"We even had [Vandy] coach [Bobby] Johnson at practice the other day," Bennett said. "I'm not sure if he was here trying to get a job or what. [He was joking.] But yeah, it's exciting to have guys I played with here going through camp together. There's a lot of Vandy here."
• Just got a few quick glances of him, but Bears rookie defensive tackle Jarron Gilbert sounds as if he's found his way into Chicago's offensive backfield a time or two so far in camp. You remember Gilbert. The third-round pick out of San Jose State?
Maybe this will refresh your memory: He's the guy who became a You Tube sensation this spring by being featured in that video of him jumping out of the shallow end of a pool. C'mon, you've seen it.
I checked, but there are apparently no pools at Bears camp. Maybe he's reduced to jumping out of whirlpools.
• Had a nice lunchtime chat with ex-Lions head coach Rod Marinelli, who Smith quickly snapped up as the team's assistant head coach/defensive line coach once he was fired in the wake of Detroit's winless season.
Mark my words, Marinelli will have a significant impact on the Bears defensive line this season, because he remains one of the best teachers in the game. I asked him if he was happy to get back to the teaching part of coaching, which head coaches rarely have the time for.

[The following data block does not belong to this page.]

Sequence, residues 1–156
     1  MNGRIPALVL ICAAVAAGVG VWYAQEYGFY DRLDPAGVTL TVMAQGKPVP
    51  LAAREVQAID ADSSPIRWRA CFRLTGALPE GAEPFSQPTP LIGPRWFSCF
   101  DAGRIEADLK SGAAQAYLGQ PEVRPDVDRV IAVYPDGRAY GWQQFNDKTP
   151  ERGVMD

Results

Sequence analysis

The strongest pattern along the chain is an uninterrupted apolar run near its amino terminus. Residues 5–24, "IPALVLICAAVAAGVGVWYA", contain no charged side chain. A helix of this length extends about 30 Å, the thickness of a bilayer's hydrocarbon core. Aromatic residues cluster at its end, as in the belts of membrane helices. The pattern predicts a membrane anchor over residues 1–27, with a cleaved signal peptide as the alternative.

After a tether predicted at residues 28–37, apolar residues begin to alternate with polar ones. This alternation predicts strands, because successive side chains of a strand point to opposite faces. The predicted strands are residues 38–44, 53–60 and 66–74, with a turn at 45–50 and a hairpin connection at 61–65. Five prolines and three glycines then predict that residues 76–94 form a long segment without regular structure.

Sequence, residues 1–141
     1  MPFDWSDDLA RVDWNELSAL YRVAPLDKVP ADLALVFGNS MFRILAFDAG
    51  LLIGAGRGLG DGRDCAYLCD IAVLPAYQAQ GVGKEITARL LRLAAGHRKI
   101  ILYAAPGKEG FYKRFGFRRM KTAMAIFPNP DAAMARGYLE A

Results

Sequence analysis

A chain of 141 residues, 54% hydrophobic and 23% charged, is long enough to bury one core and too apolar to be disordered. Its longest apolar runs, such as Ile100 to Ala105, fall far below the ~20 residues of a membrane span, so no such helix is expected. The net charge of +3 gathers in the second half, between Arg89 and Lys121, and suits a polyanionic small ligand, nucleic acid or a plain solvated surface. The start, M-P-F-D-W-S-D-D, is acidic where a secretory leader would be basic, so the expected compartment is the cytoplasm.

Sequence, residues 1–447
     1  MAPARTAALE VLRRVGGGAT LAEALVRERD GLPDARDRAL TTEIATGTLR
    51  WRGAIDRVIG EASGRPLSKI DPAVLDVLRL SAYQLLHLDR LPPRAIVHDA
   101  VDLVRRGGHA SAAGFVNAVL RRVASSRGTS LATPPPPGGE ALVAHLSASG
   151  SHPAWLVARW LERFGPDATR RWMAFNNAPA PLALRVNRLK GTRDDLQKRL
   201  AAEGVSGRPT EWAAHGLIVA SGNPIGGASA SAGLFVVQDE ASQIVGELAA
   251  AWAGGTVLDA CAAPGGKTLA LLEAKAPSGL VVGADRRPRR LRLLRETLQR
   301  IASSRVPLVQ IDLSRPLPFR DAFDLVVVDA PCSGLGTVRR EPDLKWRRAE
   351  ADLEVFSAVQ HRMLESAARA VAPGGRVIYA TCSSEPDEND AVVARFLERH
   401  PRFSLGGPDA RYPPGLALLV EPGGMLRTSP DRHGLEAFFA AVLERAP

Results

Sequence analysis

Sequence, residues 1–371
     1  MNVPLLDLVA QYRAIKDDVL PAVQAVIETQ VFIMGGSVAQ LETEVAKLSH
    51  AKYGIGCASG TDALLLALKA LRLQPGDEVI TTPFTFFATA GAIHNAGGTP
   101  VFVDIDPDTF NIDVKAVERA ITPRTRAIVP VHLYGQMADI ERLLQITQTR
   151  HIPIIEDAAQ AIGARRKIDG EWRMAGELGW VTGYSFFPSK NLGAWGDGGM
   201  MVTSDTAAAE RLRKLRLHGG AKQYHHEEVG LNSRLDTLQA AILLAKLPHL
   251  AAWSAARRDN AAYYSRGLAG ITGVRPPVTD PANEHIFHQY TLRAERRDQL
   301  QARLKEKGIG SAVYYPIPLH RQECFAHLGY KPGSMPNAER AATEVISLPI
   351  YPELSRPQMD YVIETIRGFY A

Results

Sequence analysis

"I love it all," said Marinelli, one of the NFL's nicest of coaches. "All of it. As long as it has a ball in it, I love it."
• As Smith mentioned, get ready to see Olsen moved all over the field this season. Teams are going to try to take him away in the Bears offense, and Chicago will have to be creative to ensure that doesn't happen.
"We're going to have to do a lot of things with Greg," Cutler told me. "Move him around the field, because teams are going to key on him. We can put him outside, put him in the backfield, and keep putting him in different spots, because he's a weapon. He creates some matchups that a lot of guys can't."
• Here's one thing that should really help Cutler's game in Chicago: While the Bears don't have the 2006 version of their defense anymore, what Cutler got used to in Denver was a team that played virtually no D. In other words, Cutler shouldn't have to put 38 points per game up in order to win.
"It's great, because I'm not going to throw the ball 38 times a game either," he said. "We can get a more balanced attack and control the clock a little bit more. Let the defense and special teams work for us."
Hester offered a fairly safe but still sizable prediction about his new quarterback: "If he has a long career here, he's going to be one of the greatest quarterbacks to ever play in Chicago," he said.